• 1 tablespoon of honey or maple syrup (optional)
    • Ice cubes (optional)

  • Instructions:
  1. Place all the ingredients in a blender.
  2. Blend until smooth and creamy.
  3. Adjust sweetness with honey or maple syrup, if desired.

Matcha smoothies are not only delicious but also a great way to introduce matcha into your diet regularly.

  1. Matcha in Baking

You can also incorporate matcha into your baking. Try adding matcha powder to recipes for muffins, cookies, or even pancakes. Matcha-infused baked goods can be a tasty and creative way to enjoy matcha's potential benefits for your gut and mental health.

  1. Matcha Lattes

For those who enjoy coffee shop-style beverages, try making a matcha latte. You can combine matcha with steamed milk and a touch of sweetener for a comforting and soothing drink that can be enjoyed in the morning or as an afternoon pick-me-up.

Remember that moderation is key when consuming matcha, as excessive consumption may lead to caffeine-related side effects. Also, consult with a healthcare professional, especially if you have underlying health conditions or are taking medications.

In the next section, we'll discuss some precautions and considerations to keep in mind when incorporating matcha into your diet for mental health.


 matcha pancake with blueberry on top

Precautions and Considerations

While matcha offers potential benefits for gut health and mental well-being, it's important to approach its consumption with awareness and care. Here are some precautions and considerations to keep in mind:

  1. Caffeine Content:

Matcha contains caffeine, although in lower quantities than coffee. However, it's still essential to be mindful of your caffeine intake, as excessive caffeine consumption can lead to restlessness, insomnia, and increased heart rate. If you are sensitive to caffeine or have a medical condition that makes caffeine consumption problematic, consult with a healthcare professional before adding matcha to your diet (20).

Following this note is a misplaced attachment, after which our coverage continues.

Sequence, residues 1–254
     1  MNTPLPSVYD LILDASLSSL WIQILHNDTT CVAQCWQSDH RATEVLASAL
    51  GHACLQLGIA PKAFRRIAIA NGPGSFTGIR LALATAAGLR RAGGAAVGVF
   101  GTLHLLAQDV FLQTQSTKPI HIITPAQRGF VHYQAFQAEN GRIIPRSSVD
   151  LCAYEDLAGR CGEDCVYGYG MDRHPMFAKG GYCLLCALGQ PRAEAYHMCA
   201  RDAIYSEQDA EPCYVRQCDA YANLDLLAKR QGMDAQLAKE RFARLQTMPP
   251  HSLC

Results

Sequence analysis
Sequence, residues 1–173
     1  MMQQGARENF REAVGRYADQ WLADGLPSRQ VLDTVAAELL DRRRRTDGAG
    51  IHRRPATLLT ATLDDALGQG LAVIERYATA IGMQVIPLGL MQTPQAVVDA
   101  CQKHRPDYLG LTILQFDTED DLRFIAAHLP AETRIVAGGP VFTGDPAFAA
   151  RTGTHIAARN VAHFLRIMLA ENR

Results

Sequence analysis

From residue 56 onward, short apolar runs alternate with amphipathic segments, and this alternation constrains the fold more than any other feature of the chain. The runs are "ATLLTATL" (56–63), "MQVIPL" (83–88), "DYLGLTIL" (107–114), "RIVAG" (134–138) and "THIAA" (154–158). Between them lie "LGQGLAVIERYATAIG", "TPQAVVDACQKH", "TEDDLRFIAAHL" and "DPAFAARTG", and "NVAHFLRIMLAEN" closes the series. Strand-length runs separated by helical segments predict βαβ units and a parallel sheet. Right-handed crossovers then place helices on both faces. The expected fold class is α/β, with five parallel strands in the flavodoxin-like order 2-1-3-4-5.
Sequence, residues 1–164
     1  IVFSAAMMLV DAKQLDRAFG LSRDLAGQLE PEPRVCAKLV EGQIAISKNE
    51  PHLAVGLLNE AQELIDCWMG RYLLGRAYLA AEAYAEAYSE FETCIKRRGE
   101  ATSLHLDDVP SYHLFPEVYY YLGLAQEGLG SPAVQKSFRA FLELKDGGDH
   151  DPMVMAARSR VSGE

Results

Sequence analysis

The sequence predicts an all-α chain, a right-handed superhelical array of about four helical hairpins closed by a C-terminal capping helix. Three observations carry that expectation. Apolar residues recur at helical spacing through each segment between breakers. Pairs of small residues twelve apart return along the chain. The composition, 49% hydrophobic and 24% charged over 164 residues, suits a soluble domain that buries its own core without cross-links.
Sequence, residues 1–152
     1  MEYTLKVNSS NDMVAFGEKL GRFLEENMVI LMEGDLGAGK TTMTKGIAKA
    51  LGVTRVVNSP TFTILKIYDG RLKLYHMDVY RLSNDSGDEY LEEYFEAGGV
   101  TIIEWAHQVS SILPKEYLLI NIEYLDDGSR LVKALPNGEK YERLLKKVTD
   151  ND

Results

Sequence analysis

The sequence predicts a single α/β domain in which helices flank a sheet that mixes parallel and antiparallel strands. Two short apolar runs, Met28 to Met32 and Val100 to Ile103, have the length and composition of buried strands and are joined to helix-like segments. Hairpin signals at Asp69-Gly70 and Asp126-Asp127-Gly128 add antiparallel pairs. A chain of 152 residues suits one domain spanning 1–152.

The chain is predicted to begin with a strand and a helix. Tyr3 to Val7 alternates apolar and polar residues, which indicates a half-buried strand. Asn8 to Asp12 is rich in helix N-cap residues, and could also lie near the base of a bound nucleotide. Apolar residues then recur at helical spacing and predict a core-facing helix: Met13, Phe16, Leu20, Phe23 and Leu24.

1. Allergies and Sensitivities:

Some individuals may be allergic or sensitive to components in matcha, such as tea polyphenols or plant compounds. If you experience adverse reactions, including skin rashes, gastrointestinal discomfort, or other allergic symptoms, discontinue use and consult with a healthcare provider (21).

  1. Moderation:

As with any dietary change, moderation is key. Consuming excessive amounts of matcha may lead to unwanted side effects. Stick to recommended serving sizes, which typically range from 1 to 2 teaspoons of matcha powder per day for most individuals.

  1. Medication Interactions:

If you are taking medications or have specific health conditions, consult with a healthcare professional before incorporating matcha into your diet. Matcha may interact with certain medications or affect specific health conditions, and your healthcare provider can provide personalized guidance.

  1. Quality Matters:

Ensure you choose high-quality matcha from reputable sources. Low-quality matcha may have reduced health benefits and could contain contaminants. Look for organic options and those that specify the grade of matcha, with ceremonial or premium grades being the highest quality.

  1. Individual Response:

Remember that individual responses to matcha can vary. While some individuals may experience noticeable improvements in gut health and mental well-being, others may not respond in the same way. It's essential to pay attention to your body's signals and adjust your consumption accordingly.

Incorporating matcha into your diet can be a delicious and potentially beneficial choice, but it's essential to do so with awareness and mindfulness. By considering these precautions and consulting with a healthcare provider when necessary, you can make informed decisions about integrating matcha into your lifestyle for gut health and mental wellness.



  • Approach matcha consumption with moderation, keeping caffeine intake in check.
  • Be aware of potential allergies or sensitivities to matcha components.
  • Consult with a healthcare professional, especially if you are on medications or have underlying health conditions.
  • Choose high-quality matcha from reputable sources.
  • Pay attention to your body's responses and adjust your matcha consumption accordingly.